Title ChIP-seq profiles for numerous transcription factors in TSCs (E-MTAB-3565) 
Description Chromatin binding profiles for Esrrb, Tfap2c, Lsd1, Nr0b1 and others in TSCs 
Type Of Material Database/Collection of data 
Year Produced 2015 
Provided To Others? No  
Impact Datasets were deposited in publicly available databases. Results helped identify the transcriptional networks operational in trophoblast stem cells, the precursors of the placenta. These insights will be immensely useful for other researchers in the field. 
 
Title DMDD 
Description As part of the Wellcome Trust funded Strategic Award "Deciphering the Mechanisms of Developmental Diseases", we have generated a database in which we collect phenoytping data of the mouse placenta at various gestational stages. 
Type Of Material Database/Collection of data 
Year Produced 2014 
Provided To Others? Yes  
Impact Broad survey of embryonic lethal gene mutations for defects in embryonic and placental development. Efforts will lead, for the first time, to a global overview of the number and identity of genes, and the molecular pathways they regulate, involved in the development of the placenta as an essential organ ensuring reproductive success and health of the baby. 
URL http://www.nimr.mrc.ac.uk/news/deciphering-the-mechanisms-of-developmental-disorders-progress-report...
 
Title Elf5 and Esrrb protein interactomes in TSCs (PXD002183) 
Description IP->MS/MS datasets of interaction partners of the key transcription factors Esrrb and Elf5 in trophoblast stem cells (TSCs). 
Type Of Material Database/Collection of data 
Year Produced 2015 
Provided To Others? No  
Impact Data deposited in publicly accessible databases. Results are instrumental to gain a detailed understanding of how TSCs operate, which will be important to move the field of reproductive biology and pregnancy (normal and pathological) forward. 
URL http://www.ebi.ac.uk/pride/archive/
 
Description Bioinformatics analysis of ChIP-seq and RNA-seq data 
Organisation EMBL European Bioinformatics Institute (EMBL - EBI)
Country United Kingdom 
Sector Academic/University 
PI Contribution Provided extensive high-throughput sequencing datasets for analysis.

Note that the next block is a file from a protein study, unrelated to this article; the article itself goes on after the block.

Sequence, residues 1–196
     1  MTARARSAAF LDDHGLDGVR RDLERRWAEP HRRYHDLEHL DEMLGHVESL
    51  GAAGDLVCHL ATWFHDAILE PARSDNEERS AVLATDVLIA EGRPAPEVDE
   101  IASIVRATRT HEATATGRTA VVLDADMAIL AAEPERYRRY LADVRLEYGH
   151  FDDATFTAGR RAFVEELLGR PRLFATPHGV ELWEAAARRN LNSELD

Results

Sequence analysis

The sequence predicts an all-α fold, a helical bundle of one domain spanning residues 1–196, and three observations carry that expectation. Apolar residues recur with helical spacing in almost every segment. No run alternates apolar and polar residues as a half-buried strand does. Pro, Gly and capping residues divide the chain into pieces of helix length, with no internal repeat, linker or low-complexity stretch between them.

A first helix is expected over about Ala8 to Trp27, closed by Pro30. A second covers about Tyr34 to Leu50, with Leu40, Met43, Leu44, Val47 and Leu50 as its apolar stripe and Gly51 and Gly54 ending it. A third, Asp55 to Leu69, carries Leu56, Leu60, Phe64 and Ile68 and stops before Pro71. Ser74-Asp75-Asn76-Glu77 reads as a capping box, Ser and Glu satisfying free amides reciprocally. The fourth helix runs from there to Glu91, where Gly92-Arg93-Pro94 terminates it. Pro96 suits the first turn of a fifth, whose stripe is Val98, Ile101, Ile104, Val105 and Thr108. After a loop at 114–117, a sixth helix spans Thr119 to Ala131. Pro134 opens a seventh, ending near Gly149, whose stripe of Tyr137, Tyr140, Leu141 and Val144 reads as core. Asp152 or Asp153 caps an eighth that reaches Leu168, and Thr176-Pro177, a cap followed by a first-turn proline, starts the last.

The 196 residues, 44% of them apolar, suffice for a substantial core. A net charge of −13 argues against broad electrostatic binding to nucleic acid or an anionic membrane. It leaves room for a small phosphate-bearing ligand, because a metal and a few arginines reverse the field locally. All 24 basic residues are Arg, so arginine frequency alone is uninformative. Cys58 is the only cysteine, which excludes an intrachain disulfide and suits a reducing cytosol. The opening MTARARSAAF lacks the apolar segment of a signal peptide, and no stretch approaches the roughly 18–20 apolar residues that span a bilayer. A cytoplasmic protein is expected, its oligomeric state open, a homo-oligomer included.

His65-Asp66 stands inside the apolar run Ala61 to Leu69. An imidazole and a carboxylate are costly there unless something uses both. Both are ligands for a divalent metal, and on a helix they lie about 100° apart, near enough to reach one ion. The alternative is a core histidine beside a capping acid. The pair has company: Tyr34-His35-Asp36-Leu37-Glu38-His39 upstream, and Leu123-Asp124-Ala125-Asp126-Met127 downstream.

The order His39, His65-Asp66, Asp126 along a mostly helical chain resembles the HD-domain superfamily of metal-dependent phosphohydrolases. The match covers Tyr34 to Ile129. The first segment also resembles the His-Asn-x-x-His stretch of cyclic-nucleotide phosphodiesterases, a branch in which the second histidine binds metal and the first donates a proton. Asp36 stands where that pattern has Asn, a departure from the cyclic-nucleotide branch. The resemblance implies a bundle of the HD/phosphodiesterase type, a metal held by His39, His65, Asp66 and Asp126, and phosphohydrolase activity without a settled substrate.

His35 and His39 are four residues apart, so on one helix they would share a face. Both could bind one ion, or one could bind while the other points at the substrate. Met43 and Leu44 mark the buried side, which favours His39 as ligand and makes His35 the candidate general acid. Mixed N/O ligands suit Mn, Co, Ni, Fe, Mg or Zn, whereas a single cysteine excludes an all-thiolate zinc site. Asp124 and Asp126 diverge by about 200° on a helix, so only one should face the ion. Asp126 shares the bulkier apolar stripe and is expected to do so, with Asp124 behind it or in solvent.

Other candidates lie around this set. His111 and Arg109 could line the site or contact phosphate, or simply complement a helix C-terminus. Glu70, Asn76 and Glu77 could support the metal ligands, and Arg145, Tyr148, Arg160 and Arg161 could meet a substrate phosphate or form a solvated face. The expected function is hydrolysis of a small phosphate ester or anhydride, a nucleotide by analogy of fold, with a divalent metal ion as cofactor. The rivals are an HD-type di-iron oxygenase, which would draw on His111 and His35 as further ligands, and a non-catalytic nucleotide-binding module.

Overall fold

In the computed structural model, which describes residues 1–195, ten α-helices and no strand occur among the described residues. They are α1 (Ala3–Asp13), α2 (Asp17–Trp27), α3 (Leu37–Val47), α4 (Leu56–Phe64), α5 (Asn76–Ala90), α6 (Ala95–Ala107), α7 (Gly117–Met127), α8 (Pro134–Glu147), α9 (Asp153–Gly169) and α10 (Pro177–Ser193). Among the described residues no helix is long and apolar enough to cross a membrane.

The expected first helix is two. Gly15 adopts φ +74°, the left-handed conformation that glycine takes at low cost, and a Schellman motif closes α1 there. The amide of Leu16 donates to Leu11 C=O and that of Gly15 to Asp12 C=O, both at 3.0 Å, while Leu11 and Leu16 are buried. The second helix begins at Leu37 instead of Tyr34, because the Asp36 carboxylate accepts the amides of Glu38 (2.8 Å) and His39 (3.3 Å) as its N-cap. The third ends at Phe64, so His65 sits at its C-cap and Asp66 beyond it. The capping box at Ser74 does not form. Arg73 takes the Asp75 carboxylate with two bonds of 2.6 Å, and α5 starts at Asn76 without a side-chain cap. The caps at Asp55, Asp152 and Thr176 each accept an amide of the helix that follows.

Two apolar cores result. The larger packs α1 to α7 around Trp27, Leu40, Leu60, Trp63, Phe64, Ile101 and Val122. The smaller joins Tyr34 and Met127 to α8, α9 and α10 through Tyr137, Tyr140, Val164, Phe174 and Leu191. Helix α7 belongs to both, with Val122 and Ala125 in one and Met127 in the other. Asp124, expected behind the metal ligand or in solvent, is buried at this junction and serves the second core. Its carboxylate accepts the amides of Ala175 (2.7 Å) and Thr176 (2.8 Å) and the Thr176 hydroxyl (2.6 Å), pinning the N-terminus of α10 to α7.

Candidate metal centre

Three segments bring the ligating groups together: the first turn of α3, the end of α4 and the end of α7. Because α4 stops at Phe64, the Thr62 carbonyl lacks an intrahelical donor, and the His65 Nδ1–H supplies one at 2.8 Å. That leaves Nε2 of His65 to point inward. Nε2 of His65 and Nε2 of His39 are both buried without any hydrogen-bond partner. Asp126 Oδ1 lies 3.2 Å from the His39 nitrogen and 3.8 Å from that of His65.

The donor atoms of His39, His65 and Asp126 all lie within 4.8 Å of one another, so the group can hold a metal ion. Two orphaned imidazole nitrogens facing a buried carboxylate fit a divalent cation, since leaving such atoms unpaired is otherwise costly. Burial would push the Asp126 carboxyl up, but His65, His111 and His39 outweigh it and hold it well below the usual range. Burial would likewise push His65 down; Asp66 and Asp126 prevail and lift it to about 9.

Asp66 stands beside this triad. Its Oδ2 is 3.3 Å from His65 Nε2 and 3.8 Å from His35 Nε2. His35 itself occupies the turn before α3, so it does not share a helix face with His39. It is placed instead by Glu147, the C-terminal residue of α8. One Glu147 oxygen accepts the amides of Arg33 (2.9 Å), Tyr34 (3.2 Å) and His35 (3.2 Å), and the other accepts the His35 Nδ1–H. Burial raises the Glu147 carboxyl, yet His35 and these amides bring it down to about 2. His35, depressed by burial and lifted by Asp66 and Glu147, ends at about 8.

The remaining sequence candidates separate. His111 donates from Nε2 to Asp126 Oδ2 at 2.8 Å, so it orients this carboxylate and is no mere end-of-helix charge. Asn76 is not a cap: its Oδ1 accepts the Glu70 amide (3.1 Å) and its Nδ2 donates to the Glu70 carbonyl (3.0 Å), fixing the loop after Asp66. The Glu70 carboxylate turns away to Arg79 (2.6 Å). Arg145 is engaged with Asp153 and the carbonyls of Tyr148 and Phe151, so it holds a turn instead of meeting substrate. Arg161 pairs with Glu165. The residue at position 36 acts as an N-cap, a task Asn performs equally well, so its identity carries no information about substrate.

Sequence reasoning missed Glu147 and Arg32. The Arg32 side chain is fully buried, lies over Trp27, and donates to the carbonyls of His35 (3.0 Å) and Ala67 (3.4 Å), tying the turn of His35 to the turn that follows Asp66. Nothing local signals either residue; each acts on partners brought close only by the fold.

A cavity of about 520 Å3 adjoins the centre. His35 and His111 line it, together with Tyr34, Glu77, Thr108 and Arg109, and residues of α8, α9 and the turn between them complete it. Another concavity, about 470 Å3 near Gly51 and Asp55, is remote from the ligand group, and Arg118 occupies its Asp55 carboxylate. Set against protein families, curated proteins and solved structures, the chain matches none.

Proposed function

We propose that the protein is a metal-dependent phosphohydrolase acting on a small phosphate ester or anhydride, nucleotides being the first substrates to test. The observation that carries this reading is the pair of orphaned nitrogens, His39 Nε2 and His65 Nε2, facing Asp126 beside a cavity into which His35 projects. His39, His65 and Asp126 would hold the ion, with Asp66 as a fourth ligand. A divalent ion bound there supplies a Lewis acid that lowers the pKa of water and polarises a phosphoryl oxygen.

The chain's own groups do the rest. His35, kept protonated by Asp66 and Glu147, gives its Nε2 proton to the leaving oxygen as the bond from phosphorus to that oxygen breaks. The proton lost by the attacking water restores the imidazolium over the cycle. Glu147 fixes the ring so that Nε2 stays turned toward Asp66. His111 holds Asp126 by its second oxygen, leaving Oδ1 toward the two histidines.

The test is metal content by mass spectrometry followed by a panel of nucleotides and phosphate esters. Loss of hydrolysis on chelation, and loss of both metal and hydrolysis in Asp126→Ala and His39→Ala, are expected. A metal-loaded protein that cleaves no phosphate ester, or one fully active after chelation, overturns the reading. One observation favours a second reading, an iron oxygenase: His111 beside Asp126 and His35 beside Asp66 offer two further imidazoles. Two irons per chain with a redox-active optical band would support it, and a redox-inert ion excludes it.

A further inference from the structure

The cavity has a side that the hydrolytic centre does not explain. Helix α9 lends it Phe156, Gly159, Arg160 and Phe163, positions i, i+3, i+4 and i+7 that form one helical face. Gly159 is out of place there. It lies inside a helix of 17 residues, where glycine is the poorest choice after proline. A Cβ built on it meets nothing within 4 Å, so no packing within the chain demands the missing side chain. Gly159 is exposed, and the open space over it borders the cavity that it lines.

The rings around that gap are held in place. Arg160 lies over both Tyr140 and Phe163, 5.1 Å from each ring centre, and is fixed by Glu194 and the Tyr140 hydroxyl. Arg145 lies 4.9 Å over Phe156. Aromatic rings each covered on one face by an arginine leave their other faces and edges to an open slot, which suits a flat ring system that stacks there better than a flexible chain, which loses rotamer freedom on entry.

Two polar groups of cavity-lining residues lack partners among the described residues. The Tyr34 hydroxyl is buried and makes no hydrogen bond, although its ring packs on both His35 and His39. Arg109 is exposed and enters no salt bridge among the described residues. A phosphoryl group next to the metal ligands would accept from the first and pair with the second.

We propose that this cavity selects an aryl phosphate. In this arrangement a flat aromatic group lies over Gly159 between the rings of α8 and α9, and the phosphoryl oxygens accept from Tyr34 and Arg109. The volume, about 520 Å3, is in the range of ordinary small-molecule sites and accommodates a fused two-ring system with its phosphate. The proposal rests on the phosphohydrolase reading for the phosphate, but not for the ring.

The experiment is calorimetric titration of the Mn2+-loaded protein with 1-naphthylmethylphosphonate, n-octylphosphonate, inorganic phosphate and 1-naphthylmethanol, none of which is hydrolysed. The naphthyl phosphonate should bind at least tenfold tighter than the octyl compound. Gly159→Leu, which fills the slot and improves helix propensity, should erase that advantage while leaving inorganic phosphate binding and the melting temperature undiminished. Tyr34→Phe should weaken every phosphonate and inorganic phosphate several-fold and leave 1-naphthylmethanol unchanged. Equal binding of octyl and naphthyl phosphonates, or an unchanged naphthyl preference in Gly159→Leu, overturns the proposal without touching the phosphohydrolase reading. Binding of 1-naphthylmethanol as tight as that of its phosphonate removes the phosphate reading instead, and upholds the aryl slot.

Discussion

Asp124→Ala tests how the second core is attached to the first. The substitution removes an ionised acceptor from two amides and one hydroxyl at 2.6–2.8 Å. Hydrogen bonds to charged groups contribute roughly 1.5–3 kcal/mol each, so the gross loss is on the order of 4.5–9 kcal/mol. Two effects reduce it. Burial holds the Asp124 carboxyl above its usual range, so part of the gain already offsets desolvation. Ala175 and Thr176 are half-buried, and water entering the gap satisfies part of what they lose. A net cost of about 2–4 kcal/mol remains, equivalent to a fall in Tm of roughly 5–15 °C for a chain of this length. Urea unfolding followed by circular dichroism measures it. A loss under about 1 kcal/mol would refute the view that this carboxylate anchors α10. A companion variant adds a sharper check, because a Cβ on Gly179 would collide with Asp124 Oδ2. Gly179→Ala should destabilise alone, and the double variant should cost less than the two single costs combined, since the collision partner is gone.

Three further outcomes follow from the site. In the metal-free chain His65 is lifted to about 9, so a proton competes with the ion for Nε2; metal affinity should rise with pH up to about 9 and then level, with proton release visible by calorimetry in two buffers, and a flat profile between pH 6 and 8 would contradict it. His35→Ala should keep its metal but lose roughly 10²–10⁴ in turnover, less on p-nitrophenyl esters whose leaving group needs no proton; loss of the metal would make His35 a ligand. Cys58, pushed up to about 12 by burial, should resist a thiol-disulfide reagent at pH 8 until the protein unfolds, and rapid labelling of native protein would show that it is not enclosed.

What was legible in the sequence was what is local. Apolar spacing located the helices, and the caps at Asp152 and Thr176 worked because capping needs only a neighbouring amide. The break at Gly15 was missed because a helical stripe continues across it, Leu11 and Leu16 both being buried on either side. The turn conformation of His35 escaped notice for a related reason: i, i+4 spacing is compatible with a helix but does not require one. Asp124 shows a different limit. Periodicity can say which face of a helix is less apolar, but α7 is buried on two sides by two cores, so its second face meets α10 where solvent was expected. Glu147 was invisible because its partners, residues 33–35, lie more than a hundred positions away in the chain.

Collaborator Contribution Expert analysis of ChIP-seq data and data mining of existing datasets
Impact Multi-discipliniary, involving mathematical biology and bioinformatics. Joint manuscript submitted October 2014
Start Year 2014
 
Description Bioinformatics analysis of ChIP-seq and RNA-seq data 
Organisation University of Toronto
Country Canada 
Sector Academic/University 
PI Contribution Provided large-scala datasets for analysis.
Collaborator Contribution Analysed the data.
Impact Latos P.A., Sienerth A.R., Murray A., Senner C.E., Muto M., Ikawa M., Oxley D., Burge S., Cox B. and Hemberger M. (2015). Elf5-centered transcription factor hub controls trophoblast stem cell self-renewal and differentiation through stoichiometry-sensitive shifts in target gene networks. Genes & Development, 29: 2435-2448.
Start Year 2014
 
Description Epigenetic memory in ES-to-TS cell reprogramming 
Organisation Babraham Institute
Country United Kingdom 
Sector Private 
PI Contribution Collaboration with Dr Simon Cook on the impact of Ras-Raf-Erk signalling on ES cell reprogramming towards trophoblast. Designed overall project outline and performed experimental analyses.
Collaborator Contribution Provided plasmid constructs and antibody resources. Provided help and advice on specific Western blotting techniques. Provided ongoing scientific advice.
Impact Cambuli F., Murray A., Dean, W., Dudzinska D., Krueger F., Andrews S., Senner C.E., Cook S. J. and Hemberger M. (2014). Epigenetic memory of the first cell fate decision prevents complete ES cell reprogramming into trophoblast. Nat. Commun., 5: 5538.
Start Year 2012
 
Description Reprogramming of MEFs towards iTSCs and establishment of defined TSC culture conditions 
Organisation University of Bonn
Country Germany 
Sector Academic/University 
PI Contribution Genome-wide DNA methylation analysis of various clones and reprogrammed cells. Bioinformatic analysis of these data. Figures for manuscripts.
Collaborator Contribution Provided DNA for the above analysis. Performed other experiments to bring this project to conclusion.